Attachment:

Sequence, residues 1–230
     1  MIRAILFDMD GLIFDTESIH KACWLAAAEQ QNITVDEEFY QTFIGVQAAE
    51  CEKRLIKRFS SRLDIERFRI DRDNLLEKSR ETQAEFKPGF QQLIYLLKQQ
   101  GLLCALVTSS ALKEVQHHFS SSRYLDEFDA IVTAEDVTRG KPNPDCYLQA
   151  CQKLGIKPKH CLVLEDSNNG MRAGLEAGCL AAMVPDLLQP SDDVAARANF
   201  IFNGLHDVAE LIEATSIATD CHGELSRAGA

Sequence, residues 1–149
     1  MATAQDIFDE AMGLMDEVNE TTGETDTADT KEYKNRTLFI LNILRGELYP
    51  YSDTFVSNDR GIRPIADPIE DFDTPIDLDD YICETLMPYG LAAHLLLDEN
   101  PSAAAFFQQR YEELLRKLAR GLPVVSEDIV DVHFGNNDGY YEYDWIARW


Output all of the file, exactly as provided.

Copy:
Sequence, residues 1–230
     1  MIRAILFDMD GLIFDTESIH KACWLAAAEQ QNITVDEEFY QTFIGVQAAE
    51  CEKRLIKRFS SRLDIERFRI DRDNLLEKSR ETQAEFKPGF QQLIYLLKQQ
   101  GLLCALVTSS ALKEVQHHFS SSRYLDEFDA IVTAEDVTRG KPNPDCYLQA
   151  CQKLGIKPKH CLVLEDSNNG MRAGLEAGCL AAMVPDLLQP SDDVAARANF
   201  IFNGLHDVAE LIEATSIATD CHGELSRAGA

Sequence, residues 1–149
     1  MATAQDIFDE AMGLMDEVNE TTGETDTADT KEYKNRTLFI LNILRGELYP
    51  YSDTFVSNDR GIRPIADPIE DFDTPIDLDD YICETLMPYG LAAHLLLDEN
   101  PSAAAFFQQR YEELLRKLAR GLPVVSEDIV DVHFGNNDGY YEYDWIARW